OPAP Hit with €24.5M Fine by Greek Gambling Regulator
Greece’s gambling regulator, the Hellenic Gaming Commission (HGC), has issued a fine of €24.5 million to the Greek Organisation of Football Prognostics S.A. (OPAP) for breaching regulations and determined that it had abused its market position.
The Hellenic Cooperative of Professional Lotteries (SEPP) and a number of other unnamed entities complained to the HGC about OPAP. They argued that the non-compete clauses in OPAP’s 2017 Exclusivity Agency Agreement, as well as the way the organization operated between 2017 and 2021, broke the law.
HGC Rules OPAP Broke the Law
HGC determined that OPAP broke Article 2 of law 3959/2011, which relates to free competition in Greece. It specifically states that a company may not abuse its “dominant position” within the local market. In the past, OPAP had a monopoly in Greece. The law prohibits companies from setting unfair prices for technical equipment or limiting its distribution and trading unfairly.
The company was also found to have broken Article 1, which states that any company trading in Greece is not allowed to fix purchase prices, limit investment opportunities or impose unfair conditions on transactions.
In addition, HGC determined that OPAP had breached Articles 101 and 102 of the Treaty on the Functioning of the European Union (TFEU), which deal with the same issues as Articles 1 and 2 of law 3959/2011.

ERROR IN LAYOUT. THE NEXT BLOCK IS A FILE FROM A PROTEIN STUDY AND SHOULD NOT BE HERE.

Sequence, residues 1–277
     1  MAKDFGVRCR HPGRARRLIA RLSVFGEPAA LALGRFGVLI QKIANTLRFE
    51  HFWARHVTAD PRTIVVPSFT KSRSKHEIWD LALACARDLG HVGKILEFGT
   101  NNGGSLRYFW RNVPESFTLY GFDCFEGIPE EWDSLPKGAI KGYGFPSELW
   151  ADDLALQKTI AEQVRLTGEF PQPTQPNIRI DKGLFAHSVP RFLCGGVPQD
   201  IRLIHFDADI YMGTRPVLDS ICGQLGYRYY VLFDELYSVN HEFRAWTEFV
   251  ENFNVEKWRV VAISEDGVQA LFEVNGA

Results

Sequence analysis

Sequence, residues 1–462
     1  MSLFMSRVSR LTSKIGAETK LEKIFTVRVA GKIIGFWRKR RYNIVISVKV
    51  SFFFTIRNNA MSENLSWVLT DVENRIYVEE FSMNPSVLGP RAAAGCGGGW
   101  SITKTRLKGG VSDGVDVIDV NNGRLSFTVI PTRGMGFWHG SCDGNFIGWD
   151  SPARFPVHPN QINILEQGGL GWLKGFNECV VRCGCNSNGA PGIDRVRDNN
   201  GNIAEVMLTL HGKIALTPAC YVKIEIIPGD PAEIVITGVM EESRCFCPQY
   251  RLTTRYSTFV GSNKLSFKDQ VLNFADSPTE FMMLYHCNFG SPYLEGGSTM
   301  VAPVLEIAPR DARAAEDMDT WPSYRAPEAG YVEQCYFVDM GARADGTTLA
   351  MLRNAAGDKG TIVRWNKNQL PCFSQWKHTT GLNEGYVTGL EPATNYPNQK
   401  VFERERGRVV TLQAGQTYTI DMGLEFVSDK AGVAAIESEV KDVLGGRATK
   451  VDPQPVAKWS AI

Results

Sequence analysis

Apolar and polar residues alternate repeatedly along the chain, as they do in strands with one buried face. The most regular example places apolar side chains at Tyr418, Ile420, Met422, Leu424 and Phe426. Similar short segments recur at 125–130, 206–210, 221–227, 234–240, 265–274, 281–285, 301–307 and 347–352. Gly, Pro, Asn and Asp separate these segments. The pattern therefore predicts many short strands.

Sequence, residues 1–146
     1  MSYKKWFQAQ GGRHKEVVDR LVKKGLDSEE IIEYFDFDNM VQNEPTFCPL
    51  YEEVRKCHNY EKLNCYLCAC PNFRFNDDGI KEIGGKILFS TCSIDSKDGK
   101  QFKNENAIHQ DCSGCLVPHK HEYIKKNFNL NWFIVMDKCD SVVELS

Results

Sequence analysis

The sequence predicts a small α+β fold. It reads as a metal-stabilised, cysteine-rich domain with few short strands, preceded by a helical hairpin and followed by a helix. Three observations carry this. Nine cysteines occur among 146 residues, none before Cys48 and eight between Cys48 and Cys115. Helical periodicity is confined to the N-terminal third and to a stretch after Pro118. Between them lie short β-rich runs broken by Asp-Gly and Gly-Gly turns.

OPAP has been instructed to cease all operations that breach the gambling laws. HGC is imposing a €10,000 fine each day that OPAP fails to comply with in relation to Article 2 of law 3959/2011 and Article 2 of the TFEU. It also issued a fine of €10,000 for continuing to infringe article 1 of law 3959/2011. The fine of €24.5 million was given for all four breaches.
OPAP Protests Decision to Issue Fine
Unsurprisingly, OPAP believes that it has been unfairly fined.
The company respects the institutional role of independent administrative authorities, including the Hellenic Competition Commission. Yet, it strongly disagrees with the content of the decision, which it considers fully baseless. [HGC’s] decision, which was not unanimous, does not relate with the company’s core business in the gaming market, but has to do with bill payment services and mobile top-up services offered by its agencies.
The company described the decision as “baseless” and added that the HGC failed to take into account data from the Bank of Greece, which oversees the country’s payments sector.